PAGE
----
20 things you simply must let go of (because they don’t serve you in any way)

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Have you ever dropped a hot piece of toast that was burning your fingers? Chances are you started to feel better as soon as you let go of it.

It’s easy to do that with physical items because they’re tangible, and letting go brings quick relief from the pain you’re experiencing.

When it comes to emotional or psychological things that are damaging us, we tend to hang onto them because we either feel that they’re important, or we’ve become accustomed to them.

In truth, we need to relinquish our grip on them so that we can feel better.

Here are 20 things that are best released as soon as possible, and it’s easier to let go of them than you might think.

1. Old hurts

Are you still holding a grudge over something that happened when you were a child? Or mentally replaying awful things that hurt you?

These things may have occurred years or even decades ago, so why do you keep bringing them back up and chewing on them?

It’s one thing if you’ve been through a horrifically traumatic experience and these thoughts come unbidden because of PTSD, and another if you’re intentionally choosing to get upset about them all over again.

If you’re no longer in that circumstance, and that person isn’t harassing you right now, then let it go. What’s passed is past, so leave it there.

2. Unrealistic expectations

Almost all of us have expectations about how various things are “supposed” to be.

For example, one person might have the expectation that people will be as kind and giving to them as they are to others. Or that they’ll have their entire life figured out by the time they’re 30.

Flow with life as it unfolds, rather than trying to map out a path on ever-shifting sand. We have no idea what tomorrow may bring, so being dead-set on things occurring to a schedule is unrealistic.

Instead, set up some goals that you’d like to attain and take steps to reach them. Then, when life inevitably changes unexpectedly, you can shift direction with it more easily.

3. People who bring more grief than joy to your world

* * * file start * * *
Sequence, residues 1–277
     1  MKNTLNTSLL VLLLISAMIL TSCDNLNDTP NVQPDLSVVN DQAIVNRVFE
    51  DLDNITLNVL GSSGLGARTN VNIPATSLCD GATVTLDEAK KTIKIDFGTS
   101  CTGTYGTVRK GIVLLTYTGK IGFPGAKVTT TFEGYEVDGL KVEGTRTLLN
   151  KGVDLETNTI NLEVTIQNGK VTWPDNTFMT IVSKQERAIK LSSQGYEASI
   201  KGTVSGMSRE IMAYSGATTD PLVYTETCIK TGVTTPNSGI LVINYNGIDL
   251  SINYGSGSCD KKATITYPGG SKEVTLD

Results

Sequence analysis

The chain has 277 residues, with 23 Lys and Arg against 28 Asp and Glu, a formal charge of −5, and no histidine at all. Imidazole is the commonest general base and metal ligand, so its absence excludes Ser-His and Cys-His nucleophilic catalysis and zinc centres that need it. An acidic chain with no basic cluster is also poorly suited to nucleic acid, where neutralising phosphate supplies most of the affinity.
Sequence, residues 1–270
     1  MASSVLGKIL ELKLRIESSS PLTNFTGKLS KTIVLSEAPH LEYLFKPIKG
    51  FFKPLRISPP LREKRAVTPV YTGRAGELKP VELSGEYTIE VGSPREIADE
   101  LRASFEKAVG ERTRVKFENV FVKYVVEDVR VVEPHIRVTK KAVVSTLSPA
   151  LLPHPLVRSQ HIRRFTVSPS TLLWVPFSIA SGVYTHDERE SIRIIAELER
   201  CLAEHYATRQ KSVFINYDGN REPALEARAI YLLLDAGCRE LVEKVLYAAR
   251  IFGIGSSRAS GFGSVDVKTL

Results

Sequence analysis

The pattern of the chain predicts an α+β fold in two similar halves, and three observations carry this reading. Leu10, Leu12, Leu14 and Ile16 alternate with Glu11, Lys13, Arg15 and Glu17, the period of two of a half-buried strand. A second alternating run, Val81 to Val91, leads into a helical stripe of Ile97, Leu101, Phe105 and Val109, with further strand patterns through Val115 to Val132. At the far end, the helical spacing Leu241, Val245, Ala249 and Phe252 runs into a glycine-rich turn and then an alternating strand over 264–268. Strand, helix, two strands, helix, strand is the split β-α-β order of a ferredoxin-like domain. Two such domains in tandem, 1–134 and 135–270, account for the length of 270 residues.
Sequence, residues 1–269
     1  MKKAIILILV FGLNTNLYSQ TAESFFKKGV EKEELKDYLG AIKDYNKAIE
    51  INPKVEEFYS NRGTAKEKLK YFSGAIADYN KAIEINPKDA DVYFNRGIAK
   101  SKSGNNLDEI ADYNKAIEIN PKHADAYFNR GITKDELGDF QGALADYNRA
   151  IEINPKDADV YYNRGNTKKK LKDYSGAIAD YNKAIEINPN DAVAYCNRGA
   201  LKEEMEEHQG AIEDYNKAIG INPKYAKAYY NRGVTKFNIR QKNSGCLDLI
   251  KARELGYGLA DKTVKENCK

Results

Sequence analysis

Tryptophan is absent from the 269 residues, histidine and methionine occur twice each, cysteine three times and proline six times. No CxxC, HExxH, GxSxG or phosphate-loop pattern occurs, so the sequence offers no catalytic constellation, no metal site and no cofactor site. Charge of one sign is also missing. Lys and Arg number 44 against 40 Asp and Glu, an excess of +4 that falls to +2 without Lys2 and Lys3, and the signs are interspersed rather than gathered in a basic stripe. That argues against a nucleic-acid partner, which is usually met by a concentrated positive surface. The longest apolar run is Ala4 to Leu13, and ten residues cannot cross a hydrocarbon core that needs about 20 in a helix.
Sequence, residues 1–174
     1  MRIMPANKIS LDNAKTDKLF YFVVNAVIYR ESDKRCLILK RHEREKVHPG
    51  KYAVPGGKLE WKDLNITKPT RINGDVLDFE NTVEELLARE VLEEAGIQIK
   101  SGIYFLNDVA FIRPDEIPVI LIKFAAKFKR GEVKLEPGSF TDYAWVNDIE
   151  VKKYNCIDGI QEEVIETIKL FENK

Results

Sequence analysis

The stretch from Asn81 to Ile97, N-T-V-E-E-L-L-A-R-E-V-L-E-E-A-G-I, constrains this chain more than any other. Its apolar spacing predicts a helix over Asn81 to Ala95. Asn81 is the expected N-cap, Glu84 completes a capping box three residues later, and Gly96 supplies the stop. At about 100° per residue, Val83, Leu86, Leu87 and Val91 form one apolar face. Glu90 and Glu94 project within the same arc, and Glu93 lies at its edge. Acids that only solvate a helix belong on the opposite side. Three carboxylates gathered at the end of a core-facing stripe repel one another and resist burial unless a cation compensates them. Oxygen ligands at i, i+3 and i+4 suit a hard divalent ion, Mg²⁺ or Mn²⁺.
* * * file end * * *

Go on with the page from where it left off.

Almost all of us have at least one person in our lives who weighs us down rather than lifts us up. Maybe it’s an old friend who dumps their emotional misery on us to make themselves feel better. Or an ex we still feel a connection to, but talking to them reminds us of the crap they put us through when we were together.

Unless someone is a close family member whom you have to stay in touch with because you’re helping to keep them alive, cut them loose. Keep communication to a minimum and don’t give them any of your energy. Instead, save that for people who bring joy and light into your life.

4. Unhealthy rivalries

Is there anyone in your life whom you’ve consistently been in competition with over the years? Maybe you were friendly sports rivals as teens and have continued to compete with one another ever since. Or you have a sibling who’s constantly trying to one-up you with who they’re dating, what they’ve purchased, how fit they are, and so on, and you try to retaliate in turn?

While this rivalry might have begun as good fun, it’s now more of a weight and obligation than anything amusing. You’re not in competition with anyone. Just live your life the way you want to, and don’t worry about keeping up with or surpassing anyone else.


5. Comparisons between yourself and other people

My neighbor has two dogs: a German shepherd and a golden retriever. The shepherd is an amazing guard dog who patrols the property, while the retriever is sweet and affectionate with the children. These dogs can’t be compared because they’re different beings. They have different genetics and different roles in the family.

So it is with every living creature on the planet. No two beings have ever been exactly alike, so they cannot be weighed or measured against one another: simply appreciated for who they are as individuals.

6. Self-loathing

When you think of the people you love most, do words of kindness and support come to mind? Or hatred and cruelty? Would you turn to your best friend and mock them for their body shape? Call them ugly, stupid, or useless?